Proper Etiquette for Names on Place Cards

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Etiquette may seem like something of a lost art in modern society, but there are still occasions in which the old-school social graces are necessary. This is especially true of a wedding reception or some other formal dining event in which place cards inform guests where they will be sitting. In fact, there are some specific rules of etiquette that should be followed with respect to how names are listed on place cards.

Place Cards

For a formal dining occasion, a place card should be at the table at the place assigned to the specific guest. The place card itself can vary in terms of style and quality, and is typically used for large dining scenarios such as a wedding where a specific seating arrangement has been made and guests must be seated in particular spots. Place cards can also be helpful to meal servers to help them find guests who are having alternative food options, such as a vegetarian of kosher meal.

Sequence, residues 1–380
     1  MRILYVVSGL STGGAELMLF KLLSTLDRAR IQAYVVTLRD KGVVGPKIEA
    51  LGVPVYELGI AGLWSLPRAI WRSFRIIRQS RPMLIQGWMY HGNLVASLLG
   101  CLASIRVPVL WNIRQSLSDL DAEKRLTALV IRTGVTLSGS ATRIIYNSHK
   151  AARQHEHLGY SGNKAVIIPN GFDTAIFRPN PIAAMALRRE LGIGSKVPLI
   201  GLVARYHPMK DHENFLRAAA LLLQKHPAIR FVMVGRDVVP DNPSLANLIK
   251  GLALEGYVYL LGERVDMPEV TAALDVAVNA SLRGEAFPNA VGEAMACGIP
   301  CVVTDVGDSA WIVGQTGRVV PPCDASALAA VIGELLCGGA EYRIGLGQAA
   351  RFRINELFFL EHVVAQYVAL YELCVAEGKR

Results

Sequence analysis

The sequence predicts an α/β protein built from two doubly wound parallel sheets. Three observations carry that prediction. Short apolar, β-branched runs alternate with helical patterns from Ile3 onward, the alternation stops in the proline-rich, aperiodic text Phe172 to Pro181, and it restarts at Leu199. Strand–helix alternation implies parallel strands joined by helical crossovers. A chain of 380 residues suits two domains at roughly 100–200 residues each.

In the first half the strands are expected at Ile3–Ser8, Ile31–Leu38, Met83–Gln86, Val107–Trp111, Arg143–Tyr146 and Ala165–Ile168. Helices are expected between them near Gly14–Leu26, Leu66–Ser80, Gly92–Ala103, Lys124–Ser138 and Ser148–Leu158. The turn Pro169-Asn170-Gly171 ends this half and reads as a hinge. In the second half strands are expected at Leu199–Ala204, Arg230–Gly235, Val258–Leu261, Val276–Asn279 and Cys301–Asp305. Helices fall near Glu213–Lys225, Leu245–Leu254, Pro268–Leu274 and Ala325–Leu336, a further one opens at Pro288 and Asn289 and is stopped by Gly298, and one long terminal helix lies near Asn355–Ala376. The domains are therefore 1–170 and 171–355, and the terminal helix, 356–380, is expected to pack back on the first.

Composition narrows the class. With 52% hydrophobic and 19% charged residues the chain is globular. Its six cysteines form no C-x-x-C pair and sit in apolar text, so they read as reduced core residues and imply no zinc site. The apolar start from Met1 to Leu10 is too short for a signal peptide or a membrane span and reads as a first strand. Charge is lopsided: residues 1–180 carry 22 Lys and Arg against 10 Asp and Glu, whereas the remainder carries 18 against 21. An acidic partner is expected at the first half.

Depending on the occasion, place cards can be formal or informal. According to information on the Wedding USA website, the most formal place card should feature only the last name and the appropriate prefix, such as "Mr. Fine" or "Dr. Howard." In a more informal context, you would use the first and last name ("Larry Fine") or even more informally, just the first name ("Larry"). Both of these options, however, can become problematic in larger affairs or if there is more than one person at the table with the same first and/or last name. In these cases, it may be preferable to use first and last names, although whichever option you choose should be maintained consistently with all place cards.

Guests Bringing Dates

Problems can arise when a guest plans to bring a date but is unable to provide you with the person's name ahead of time. If your place cards are being printed professionally, you'll need to receive the name prior to providing the information to the printer. If the place cards will be written by hand or printed on a computer printer, and the name of the date still can't be provided, you can leave a blank card at the place setting of the mystery guest and have that person write it in by hand.

Emily Post

Renowned etiquette expert Emily Post, who died in 1960, had some very specific guidelines for the presentation of names in place cards. In her 1922 book "Etiquette," Post decrees that place cards should be "about an inch and a half high by two inches long, sometimes slightly larger." If the host has a family crest, it should embossed on the place card. "Hand-painted" place cards, writes Post, may have been "in fashion," but "are never seen in private houses to-day."